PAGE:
“I don’t know,” I mutter. “I don’t even... I don’t really believe in Heaven or Hell.”

“Well, believe in them now, because they’re very real, albeit different from what human religions tell you.”

“Different?” I parrot.

He nods. “Different in the sense that it doesn’t matter whether you believe in it or not—if you live well enough, kind enough, then there’s no way you’ll end up in Hell, even if you vehemently deny the existence of either. God may have a sick sense of humor, but He’s not particularly cruel enough to lock out the selfless.”

I blink, feeling lightheaded. “Right, sick sense of humor...” I take a deep breath, suddenly dizzy. “I think I need to sit down.”

“You’re already sitting,” Chase comments.

“Then I need to lay down,” I grumble, rolling my eyes as I lean the back of my head against the window. “I think the room’s spinning.”

“I’m actually impressed it took you this long to get disoriented,” he notes. “You’re taking this rather well for someone who claims to be an atheist.”

“Well, the evidence is kind of hard to ignore, and you did kind of drop from a third-story window like it was a step, so I don’t have a choice but to believe it. Or maybe it hasn’t sunk in yet and tonight I’ll slip into shock or something. Who knows?”

He doesn’t say anything for a minute, making me open my eyes to look at him. He’s studying me, eyeing me in a way that makes me feel like he’s seeing right through me.

“What?” I ask, hoping to stop whatever he’s thinking. “It was a joke, Chase.”

“But you’re taking this too well,” he says, eyes piercing me, “and something’s felt off ever since I saw you and Preston.”

I roll my eyes. “Of course something seems off; I was almost raped.”

“Yet you have no problems saying it,” he notes. “You didn’t even flinch.”

I stiffen. “And? Your point?”

“Are you relapsing?” he wonders.

“What?”

“Relapsing,” he repeats, taking a step closer. “Usually, it’s in reference to drugs or alcohol abuse, but, in this case, I mean it in regards to your self-destruction. I thought you were getting better within reason, but now that we’re together...”

“It’s your imagination,” I retort. “I’m not relapsing or whatever. You’re just paranoid.”

“Hmm... Just because someone is paranoid, it doesn’t necessarily mean they’re wrong.”

“Well, you’re wrong,” I snap. “We were talking about you here, anyway, not me.”

He eyes me for a moment before nodding. “Fine, but this conversation isn’t over Vixen. We still need to talk about what happened in class today.”

My jaw locks. “Whatever. Just... Just keep going.”

He nods. “As I was saying, my obligation is more complicated than the commonplace grim reaper. Many people who meet us in their everyday lives like to categorize us as angels, but, like with the grim reaper, there are too many differences between us and angels to lump us together.”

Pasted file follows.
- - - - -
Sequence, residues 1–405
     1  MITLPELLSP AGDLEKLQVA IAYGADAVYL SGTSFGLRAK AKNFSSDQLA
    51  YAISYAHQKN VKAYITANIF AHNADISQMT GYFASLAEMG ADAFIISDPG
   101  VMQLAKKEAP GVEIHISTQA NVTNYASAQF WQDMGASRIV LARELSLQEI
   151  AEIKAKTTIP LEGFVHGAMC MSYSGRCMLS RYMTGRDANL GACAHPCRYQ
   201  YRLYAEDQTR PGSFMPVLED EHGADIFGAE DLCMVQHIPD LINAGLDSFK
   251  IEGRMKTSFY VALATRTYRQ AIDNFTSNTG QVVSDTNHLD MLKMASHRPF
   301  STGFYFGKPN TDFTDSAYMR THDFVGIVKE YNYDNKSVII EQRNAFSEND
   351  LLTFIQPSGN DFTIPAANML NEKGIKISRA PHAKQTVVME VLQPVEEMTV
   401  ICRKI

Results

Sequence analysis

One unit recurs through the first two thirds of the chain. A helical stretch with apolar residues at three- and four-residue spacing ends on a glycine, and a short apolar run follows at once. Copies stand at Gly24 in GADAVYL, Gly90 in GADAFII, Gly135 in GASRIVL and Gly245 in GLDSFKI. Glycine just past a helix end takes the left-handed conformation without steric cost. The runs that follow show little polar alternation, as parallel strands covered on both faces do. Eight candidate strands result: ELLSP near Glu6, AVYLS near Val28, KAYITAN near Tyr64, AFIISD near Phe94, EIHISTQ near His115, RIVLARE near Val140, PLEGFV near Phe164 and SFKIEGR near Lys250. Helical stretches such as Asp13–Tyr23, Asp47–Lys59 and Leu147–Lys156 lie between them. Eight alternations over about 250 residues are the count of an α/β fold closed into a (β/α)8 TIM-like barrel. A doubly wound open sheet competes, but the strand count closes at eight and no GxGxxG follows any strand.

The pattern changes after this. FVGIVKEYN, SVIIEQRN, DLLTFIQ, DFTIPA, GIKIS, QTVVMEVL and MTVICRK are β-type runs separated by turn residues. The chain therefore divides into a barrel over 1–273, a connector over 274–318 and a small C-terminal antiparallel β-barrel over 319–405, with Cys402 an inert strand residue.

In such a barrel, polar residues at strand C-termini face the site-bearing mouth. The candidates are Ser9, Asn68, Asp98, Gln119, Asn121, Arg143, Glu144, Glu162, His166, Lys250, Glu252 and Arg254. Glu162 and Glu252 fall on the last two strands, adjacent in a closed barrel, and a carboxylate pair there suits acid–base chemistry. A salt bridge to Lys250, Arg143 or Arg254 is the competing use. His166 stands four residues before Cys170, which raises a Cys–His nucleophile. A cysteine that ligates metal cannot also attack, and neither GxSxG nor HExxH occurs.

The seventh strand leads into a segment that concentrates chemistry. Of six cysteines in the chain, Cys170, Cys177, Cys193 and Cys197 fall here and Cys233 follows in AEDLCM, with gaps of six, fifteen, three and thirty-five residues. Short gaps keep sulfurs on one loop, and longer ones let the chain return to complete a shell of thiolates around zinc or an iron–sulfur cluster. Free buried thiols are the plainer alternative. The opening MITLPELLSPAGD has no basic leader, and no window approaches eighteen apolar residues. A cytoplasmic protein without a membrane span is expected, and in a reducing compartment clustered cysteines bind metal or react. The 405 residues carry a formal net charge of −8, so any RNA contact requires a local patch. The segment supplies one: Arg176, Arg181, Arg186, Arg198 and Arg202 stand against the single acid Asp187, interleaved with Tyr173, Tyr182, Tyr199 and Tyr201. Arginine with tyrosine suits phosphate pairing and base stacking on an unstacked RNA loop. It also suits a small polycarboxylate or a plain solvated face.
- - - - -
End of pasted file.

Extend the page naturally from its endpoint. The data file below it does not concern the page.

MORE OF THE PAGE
“Like what?” I wonder, mainly to keep him talking.

“I told you: humans believe things as black or white, either good or evil, with barely any grey area, but the truth is that there is more grey than anything else. Angels and demons are a good example of this because those who have seen me save someone, no matter the color of my eyes, have always thought me to be an angel, but there’s always the opposite of that: when someone witnesses me killing someone, I’m now a demon. Granted, the eye color doesn’t help, but that’s not necessarily important. They don’t even entertain the idea that I might be neither—that what’s happening is something beyond their ideals.”

“Are you saying you’ve killed people before?”

“Of course,” he says simply. “If I choose to save people, you can assume I’ve chosen to let them die as well.”

“But... why...” The idea that Chase of all people has killed someone just... confuses me. This is the same guy that’s been pestering me for weeks now, the same one that’s saved me countless times. How in the world...

He smirks. “You’re thinking that it doesn’t fit my character, aren’t you? Even after everything I’ve told you, you still can’t imagine it.”

I nod a little.

“Haven’t you wondered what happened to the murder in this town?” he asks. “Over twelve confirmed cases with the same modus operandi? Don’t you find it odd that he’s fallen off the radar lately?”

I blink. “You didn’t...”

“Oh, but I did. He was getting in my way and wreaking havoc on the Balance. Plus, I detest humans that attack other humans.”

“That’s a murderer, though,” I point out. “That’s not exactly right, but it’s not like you killed him in cold blood.”

“Ah, but that doesn’t matter, does it? According to human laws, I’d still be prosecuted, as I should be. I may be given leniency, depending on the judge and the media and public response, but the fact remains that I took someone’s life before it was their time.”